Chattah, who emigrated from Israel with her family as a teenager, said her mother’s dark skin, as a Yemenite Jew, invited taunting from other Jews with a Yiddish slur that translates to “black animal.” The brutal method of execution she referenced is common in places such as Iran and by groups such as the Taliban.

“I would never attribute a racial context to hanging from a crane,” Chattah said, stopping short of expressing regret.

“That is my culture,” she added. “That’s what is done to people in the Middle East, to traitors. And that’s just part of my vernacular.”

The Ford campaign had no comment on the matter.

Odd connection

Chattah and Ashton-Cirillo offer broadly matching accounts of how they first connected. Despite her proudly progressive politics, Ashton-Cirillo ran in a circle of politically active Republican women. A real estate property analyst by profession, she worked on opposition research efforts for Republican candidates and was recommended to Chattah for the same in late 2020, as Chattah was weighing her run for office.

Sarah, a trans woman, was embraced by her Republican friends, both recall.

“They did not care that I was trans as long as they saw me as a cog in helping them deliver power to their own people and their own agenda,” Ashton-Cirillo said, referring to Republican Party powerbrokers.

“When I first met Sarah, Sarah said she was like a unicorn. She was a Republican transsexual,” Chattah said.

Ashton-Cirillo, who also describes her politics as “leftist libertarian,” worked with and for these candidates because of personal rather than political connections, bonding over a shared dislike of more entrenched factions within the GOP. In May 2021, when the Review-Journal reported about extremist right-wing elements such as the Proud Boys seeking to influence the state Republican Party, Ashton-Cirillo was in the thick of it, providing information about the attempted infiltration to the Review-Journal and other media, and saying she was collecting information for a book.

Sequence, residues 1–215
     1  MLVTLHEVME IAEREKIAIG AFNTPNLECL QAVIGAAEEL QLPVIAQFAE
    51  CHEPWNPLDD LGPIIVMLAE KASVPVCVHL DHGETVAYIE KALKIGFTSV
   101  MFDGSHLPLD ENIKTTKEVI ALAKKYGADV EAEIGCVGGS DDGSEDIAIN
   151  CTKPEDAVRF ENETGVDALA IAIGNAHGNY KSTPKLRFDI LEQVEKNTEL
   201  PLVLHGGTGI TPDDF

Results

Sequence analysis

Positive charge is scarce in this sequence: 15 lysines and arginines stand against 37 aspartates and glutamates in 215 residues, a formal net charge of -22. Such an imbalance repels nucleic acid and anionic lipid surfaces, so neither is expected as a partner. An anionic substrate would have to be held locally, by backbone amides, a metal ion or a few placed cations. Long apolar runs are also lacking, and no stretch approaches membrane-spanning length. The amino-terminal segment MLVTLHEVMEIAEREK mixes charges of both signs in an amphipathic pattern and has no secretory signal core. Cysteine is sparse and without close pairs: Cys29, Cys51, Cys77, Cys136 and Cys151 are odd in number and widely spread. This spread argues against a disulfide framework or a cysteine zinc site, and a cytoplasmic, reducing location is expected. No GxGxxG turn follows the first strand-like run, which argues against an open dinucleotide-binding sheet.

But she was still helping her Republican friends.

“This is somebody that is really, like, out there posing as a Republican, helping on Republican campaigns,” Chattah said, acknowledging that Ashton-Cirillo’s politics and gender transition were novel. “The whole time I’m thinking that this is literally a Republican transsexual. Of course, I’m going to help her! Of course I’m gonna wanna promote that.”

Friendship ends

By spring 2021, Ashton-Cirillo, a registered Democrat, had decided to run for Las Vegas City Council, initially against Republican Victoria Seaman. Later, in June, she switched races, deciding instead to challenge Republican Michele Fiore. Here’s where Ashton-Cirillo and Chattah’s retelling of events start to diverge. Each accuses the other of backstabbing, divulging confidential information they had shared only between themselves.

At the peak of their friendship, both said, the two were in touch by text or phone a dozen or more times a day, meeting regularly for coffee or dinner, often at the Three Angry Wives pub in Boca Park. Chattah said she thought Ashton-Cirillo’s candidacy against Fiore was “a huge joke.” She had introduced her to Fiore, even suggesting that Fiore use her as a campaign consultant because of the “mind-blowing information” Ashton-Cirillo had provided to Chattah on her potential Republican opponents.